Sent:        07/01/98 3:02 pm
    Received:    07/02/98 12:15 am
    From:        Brad Elliott, surfXXXX@XXXnline.net
    To:          Spectropop List, spectroXXXX@XXXties.com
    
    Marc Wielage (XXXX@XXXtrax.com) wrote:
    
    > And finally, I notice in the more-or-less final mix of the song, 
    > it's provided in 2-track stereo (vocals on one side / instruments 
    > on the other). With a little work, it might be possible to create 
    > a reasonable-sounding stereo mix out of it, one that would sound 
    > considerably better than the monos on the BRILL BUILDING boxed set
    > or the Rhino BEST OF THE GIRL GROUPS VOL. 2 CD. I haven't checked 
    > it against the Capitol HONEYS disc yet, but I'd be surprised if 
    > that one was stereo.
    
    You'd be wrong, Marc. With the exception of "The Love of a Boy and
    a Girl," which was a mono demo, the entire Capitol Honeys CD is in 
    glorious stereo! Every one of their singles was remixed from the 
    original 3- and 8-track masters. As good as "The One You Can't 
    Have" is, you gotta hear "He's a Doll"! And the best part is 
    they're back-to-back on the CD -- what a one-two punch!
    
    > Has anybody ever found out who actually sang lead on this song? 
    > Are you sure it wasn't Marilyn Wilson? Both Wilson sisters have 
    > said in the past that their mother sings great.
    
    I'm sorry -- Marilyn's a heck of a nice person, but in my opinion 
    she can barely carry a tune (which is no crime -- neither can I). 
    Most of the Honeys' lead vocals were by cousin Ginger Blake, who 
    was possessed of a great set of pipes. She spent most of the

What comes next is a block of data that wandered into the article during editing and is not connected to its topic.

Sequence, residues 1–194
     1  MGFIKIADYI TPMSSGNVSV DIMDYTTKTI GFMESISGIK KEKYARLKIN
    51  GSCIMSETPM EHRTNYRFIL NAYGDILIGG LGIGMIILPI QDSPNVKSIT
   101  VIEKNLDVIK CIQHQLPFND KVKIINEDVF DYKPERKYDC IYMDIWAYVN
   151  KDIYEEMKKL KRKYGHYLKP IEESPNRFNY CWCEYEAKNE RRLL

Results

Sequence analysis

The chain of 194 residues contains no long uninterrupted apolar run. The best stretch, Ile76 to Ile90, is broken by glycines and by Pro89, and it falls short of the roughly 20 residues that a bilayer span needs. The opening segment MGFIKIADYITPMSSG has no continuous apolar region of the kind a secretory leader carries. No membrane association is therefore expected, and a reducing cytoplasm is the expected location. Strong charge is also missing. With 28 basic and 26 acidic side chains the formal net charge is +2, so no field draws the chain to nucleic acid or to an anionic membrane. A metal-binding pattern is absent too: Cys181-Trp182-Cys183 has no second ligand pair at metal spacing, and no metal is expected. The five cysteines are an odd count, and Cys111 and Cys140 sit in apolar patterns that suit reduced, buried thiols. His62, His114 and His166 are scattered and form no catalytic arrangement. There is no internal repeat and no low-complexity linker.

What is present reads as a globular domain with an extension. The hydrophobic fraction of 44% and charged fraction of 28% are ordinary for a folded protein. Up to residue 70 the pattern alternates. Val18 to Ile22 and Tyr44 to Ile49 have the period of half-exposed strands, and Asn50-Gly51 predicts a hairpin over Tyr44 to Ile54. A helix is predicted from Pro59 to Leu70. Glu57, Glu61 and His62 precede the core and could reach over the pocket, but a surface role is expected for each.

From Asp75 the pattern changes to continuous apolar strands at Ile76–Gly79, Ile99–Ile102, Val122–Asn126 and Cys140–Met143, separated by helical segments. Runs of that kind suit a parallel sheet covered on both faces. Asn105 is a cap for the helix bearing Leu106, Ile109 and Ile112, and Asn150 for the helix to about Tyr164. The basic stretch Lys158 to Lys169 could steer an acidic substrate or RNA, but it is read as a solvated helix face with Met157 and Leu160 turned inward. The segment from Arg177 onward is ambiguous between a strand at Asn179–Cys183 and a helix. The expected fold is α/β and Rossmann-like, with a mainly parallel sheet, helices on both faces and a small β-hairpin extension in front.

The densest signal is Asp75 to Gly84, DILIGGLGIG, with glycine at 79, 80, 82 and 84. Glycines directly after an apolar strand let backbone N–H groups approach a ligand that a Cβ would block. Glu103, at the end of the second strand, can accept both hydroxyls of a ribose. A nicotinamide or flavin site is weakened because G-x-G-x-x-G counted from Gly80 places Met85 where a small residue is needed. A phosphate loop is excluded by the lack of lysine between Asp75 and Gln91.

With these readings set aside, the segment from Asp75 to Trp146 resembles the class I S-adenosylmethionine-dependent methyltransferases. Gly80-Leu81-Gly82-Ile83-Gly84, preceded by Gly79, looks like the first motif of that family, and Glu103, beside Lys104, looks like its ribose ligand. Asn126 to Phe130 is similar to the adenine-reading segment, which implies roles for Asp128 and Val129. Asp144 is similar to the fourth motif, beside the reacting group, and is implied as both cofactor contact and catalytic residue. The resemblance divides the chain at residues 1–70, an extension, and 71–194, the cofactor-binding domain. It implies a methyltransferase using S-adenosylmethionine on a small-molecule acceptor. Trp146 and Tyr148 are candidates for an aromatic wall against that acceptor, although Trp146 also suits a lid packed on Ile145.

Sixties and Seventies singing professionally as a backing singer. 
    She's sung behind, among others, Richard Harris ("McArthur Park"),
    Tommy Roe ("Dizzy"), Three Dog Night ("Celebrate"), the Four Tops 
    ("Keeper of the Castle"), the Righteous Brothers ("Rock and Roll 
    Heaven"), Glen Campbell ("Rhinestone Cowboy") and even the Rolling
    Stones (the Beggar's Banquet album).
    
    "The One You Can't Have" definitely was sung by Ginger. By 
    comparison, Marilyn sang "Pray for Surf."
    
    Jack Madani (Jack_MadXXXX@XXX12.nj.us) wrote:
    
    > I recently saw a Curb CD greatest hits package for the Hondells,
    > but it has like only a dozen cuts on it so I passed on it. OTOH, 
    > it may possibly have My Buddy Seat taken from the master tapes.
    
    I've seen this CD, too. Has anybody picked it up? I'd love to know
    if the master tapes were used and how it sounds.
    
    Surf's up!
    Brad
    
    
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    Subject:     Re: Spectropop V#0109
    Sent:        07/01/98 4:15 pm
    Received:    07/02/98 12:15 am
    From:        Billy G. Spradlin, bilXXXX@XXXre.net
    To:          Spectropop List, spectroXXXX@XXXties.com
    
    
    >And finally, I notice in the more-or-less final mix of the song, 
    >it's provided in 2-track stereo (vocals on one side / instruments 
    >on the other). With a little work, it might be possible to create 
    >a reasonable-sounding stereo mix out of it, one that would sound 
    >considerably better than the monos on the BRILL BUILDING boxed set
    >or the Rhino BEST OF THE GIRL GROUPS VOL. 2 CD. I haven't checked